In my last blog I talked about how job seekers need to identify and communicate their real business value to prospective employers. The question I closed that blog with was: “How do you quantify your value, particularly if you worked in a staff position such as Human Resources, Accounting, Compliance, or Marketing?”
Quantifying or measuring value is important because it can differentiate you from other applicants. As mentioned in my previous blog, you should start with the simple question: “What’s the worst that could happen to my company if I did not do my job properly?” Keep asking that question until you can get to one of the basic business goals of revenue, cost, cash or compliance.
Take for example an interview in which a compliance specialist is asked: “What did you accomplish in your previous role?”
The applicant says: “I did my job, filed all the necessary regulatory documents on time and never missed a deadline. But what if the interviewee answered this instead: “When I was employed at the company it was never cited for inaccurate filings, and in our industry – based on federal reports – the typical company was fined $35,000 on average each year for either missing a deadline or erroneous filings.”
Which statement denotes real value? Which statement is the hiring manager most likely to remember? The second statement of course! But the second statement requires the interviewee to do some homework and go beyond just listing the skills and tasks of your previous job.
Or, consider this – if you are interviewing for a position as a support manager, during an interview you might say: “I managed a support staff of 24 and we were on-call 24/7, responding to 1,000 calls per week.” To add value to this statement, you could instead say: “I inherited an under-performing support staff of 24. I implemented a new Customer Relations Management system and used a “train the trainer” approach to speed learning. In my first year, I reduced turnover by 50 percent and saved $135,600/year while also improving call response by 27 percent.”**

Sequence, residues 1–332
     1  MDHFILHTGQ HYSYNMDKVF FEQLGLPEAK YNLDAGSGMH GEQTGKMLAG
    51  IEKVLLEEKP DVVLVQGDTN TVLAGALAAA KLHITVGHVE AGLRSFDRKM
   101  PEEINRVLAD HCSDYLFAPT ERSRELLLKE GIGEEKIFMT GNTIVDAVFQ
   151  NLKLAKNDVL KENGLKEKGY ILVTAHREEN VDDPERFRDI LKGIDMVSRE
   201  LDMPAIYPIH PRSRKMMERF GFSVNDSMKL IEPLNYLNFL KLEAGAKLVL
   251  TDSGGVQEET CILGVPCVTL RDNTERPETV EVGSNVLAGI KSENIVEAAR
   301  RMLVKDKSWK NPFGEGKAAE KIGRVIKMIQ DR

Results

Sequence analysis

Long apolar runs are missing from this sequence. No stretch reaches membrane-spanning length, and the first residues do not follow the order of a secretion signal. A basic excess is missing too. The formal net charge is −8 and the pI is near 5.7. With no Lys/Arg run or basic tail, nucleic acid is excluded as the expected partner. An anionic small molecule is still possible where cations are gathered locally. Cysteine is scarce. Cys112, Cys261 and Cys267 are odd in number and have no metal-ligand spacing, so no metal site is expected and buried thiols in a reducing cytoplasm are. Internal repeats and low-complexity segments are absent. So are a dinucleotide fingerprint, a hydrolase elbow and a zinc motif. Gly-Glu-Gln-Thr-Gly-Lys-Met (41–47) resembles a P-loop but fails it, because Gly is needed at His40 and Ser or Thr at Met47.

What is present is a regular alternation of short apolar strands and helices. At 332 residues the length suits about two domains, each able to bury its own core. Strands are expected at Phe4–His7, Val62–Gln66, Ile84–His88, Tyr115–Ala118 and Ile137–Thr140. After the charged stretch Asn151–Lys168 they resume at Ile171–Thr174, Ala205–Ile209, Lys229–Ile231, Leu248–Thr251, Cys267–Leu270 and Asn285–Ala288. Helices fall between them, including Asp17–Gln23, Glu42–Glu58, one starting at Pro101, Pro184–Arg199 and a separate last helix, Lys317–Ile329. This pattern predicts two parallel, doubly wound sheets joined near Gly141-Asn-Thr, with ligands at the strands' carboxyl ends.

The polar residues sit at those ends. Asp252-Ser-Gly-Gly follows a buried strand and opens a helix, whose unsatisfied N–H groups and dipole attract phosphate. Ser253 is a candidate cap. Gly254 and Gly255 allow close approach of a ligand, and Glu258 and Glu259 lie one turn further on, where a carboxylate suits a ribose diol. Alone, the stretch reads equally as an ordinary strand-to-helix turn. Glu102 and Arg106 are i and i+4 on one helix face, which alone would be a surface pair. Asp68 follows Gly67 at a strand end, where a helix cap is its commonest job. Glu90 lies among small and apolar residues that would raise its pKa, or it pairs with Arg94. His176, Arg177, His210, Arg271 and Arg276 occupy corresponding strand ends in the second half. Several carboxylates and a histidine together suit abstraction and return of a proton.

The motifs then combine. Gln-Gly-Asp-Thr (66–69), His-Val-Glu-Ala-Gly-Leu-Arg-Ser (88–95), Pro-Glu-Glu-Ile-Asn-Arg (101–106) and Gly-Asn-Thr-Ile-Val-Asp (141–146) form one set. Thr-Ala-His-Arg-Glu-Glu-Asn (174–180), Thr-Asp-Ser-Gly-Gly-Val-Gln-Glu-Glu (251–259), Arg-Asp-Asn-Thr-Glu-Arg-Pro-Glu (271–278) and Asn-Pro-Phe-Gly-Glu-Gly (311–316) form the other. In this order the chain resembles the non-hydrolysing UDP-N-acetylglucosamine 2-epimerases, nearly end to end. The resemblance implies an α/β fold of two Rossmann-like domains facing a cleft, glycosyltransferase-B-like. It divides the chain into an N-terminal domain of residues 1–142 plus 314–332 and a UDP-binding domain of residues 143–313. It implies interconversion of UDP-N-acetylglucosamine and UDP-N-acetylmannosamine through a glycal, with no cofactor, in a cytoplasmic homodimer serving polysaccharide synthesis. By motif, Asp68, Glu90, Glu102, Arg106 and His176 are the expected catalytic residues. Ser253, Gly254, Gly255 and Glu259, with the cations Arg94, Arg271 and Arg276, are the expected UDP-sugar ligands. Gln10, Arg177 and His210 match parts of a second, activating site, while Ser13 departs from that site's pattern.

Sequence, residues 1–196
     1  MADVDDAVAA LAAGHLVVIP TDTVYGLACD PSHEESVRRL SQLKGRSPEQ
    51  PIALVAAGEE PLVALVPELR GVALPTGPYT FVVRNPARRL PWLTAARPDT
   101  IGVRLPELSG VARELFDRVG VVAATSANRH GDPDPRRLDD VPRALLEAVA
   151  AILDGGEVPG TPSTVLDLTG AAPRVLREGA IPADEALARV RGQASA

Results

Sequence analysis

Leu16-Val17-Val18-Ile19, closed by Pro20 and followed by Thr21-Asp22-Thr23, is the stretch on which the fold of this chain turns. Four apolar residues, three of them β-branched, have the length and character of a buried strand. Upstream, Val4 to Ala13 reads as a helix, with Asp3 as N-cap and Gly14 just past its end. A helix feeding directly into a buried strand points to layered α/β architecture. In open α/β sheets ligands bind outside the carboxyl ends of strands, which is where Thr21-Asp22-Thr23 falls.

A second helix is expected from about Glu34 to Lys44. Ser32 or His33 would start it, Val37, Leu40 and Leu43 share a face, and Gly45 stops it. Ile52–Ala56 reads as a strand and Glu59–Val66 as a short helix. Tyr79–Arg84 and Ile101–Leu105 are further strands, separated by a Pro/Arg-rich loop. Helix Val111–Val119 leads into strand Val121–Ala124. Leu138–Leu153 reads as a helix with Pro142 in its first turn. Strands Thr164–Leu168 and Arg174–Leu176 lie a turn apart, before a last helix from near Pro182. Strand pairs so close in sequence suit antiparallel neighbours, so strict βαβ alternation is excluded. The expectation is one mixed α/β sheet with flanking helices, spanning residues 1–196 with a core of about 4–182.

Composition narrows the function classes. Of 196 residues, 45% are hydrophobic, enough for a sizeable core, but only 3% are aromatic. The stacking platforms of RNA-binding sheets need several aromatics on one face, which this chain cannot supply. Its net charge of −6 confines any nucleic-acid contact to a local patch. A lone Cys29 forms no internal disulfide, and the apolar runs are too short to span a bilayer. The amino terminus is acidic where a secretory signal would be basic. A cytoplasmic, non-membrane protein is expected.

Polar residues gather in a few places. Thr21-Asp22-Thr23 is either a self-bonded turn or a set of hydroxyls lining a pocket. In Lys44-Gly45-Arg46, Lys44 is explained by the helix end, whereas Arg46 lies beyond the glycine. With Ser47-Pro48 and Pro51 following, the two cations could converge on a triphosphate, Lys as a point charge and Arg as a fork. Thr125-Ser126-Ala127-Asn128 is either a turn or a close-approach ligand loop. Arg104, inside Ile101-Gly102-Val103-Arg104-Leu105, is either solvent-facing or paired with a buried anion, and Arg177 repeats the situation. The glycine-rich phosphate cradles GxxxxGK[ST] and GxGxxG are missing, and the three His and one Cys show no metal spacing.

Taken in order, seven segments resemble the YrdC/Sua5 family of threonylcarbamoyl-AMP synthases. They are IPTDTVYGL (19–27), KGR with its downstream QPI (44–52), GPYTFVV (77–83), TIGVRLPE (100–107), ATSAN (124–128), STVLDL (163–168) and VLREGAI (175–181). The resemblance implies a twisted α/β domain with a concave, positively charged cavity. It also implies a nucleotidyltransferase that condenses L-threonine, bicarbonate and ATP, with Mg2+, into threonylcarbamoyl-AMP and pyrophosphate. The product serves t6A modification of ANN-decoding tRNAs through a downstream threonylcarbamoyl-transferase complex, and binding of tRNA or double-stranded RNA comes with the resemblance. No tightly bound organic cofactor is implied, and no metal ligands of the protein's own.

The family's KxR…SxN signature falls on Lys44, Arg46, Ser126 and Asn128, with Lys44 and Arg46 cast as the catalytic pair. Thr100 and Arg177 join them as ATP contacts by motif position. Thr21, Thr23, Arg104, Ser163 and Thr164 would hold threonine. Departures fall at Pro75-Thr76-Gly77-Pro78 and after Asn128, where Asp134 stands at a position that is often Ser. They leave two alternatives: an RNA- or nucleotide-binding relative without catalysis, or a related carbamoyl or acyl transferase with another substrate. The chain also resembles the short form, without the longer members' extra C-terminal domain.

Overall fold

When I coach my clients at CareerPlace, I usually hear this response: “I never had access to the financial data at my previous employer.” Here’s where you really need to do your homework. Contact some of the people you worked with and ask if they point you in the direction of someone who could give you specific information. Discuss it with a friend that has a business background, use public information such as financial reports, use industry bench marks, or search the web. Lastly, the dollar number you come up with does not have to be exact. Approximations are OK if you are at least in the ballpark and the number you use is reasonable and quantifiable, you’ll be fine.
Clearly you have to dig deep to show real value, but if you want to really differentiate yourself from all the other applicants that is what you must do. Communicating value is a important step in nailing a job interview!
**How did we come up with $135,600/year? Here’s the arithmetic:
24 staff with 50 percent turnover = 12 new hires each year, cut in half = 6. Then 6 times a 6 week training program, at an average salary and benefits of $5,000/ mo. is; $5 * 1.5mo * 6 = $45,000/yr. Then for each new recruit we paid a search firm a fee of $15,100, so 6 * 15,100 = $90,600/yr. Total saving: $45,000+90,600 = $135,600 each year and every year!
And don’t forget that you increased call response by 27 percent , which translates into increased (or maintaining) revenue. Satisfied customers will renew support contracts, unsatisfied clients will not. So, you could easily justify a revenue impact based comparing current to past renewal rates.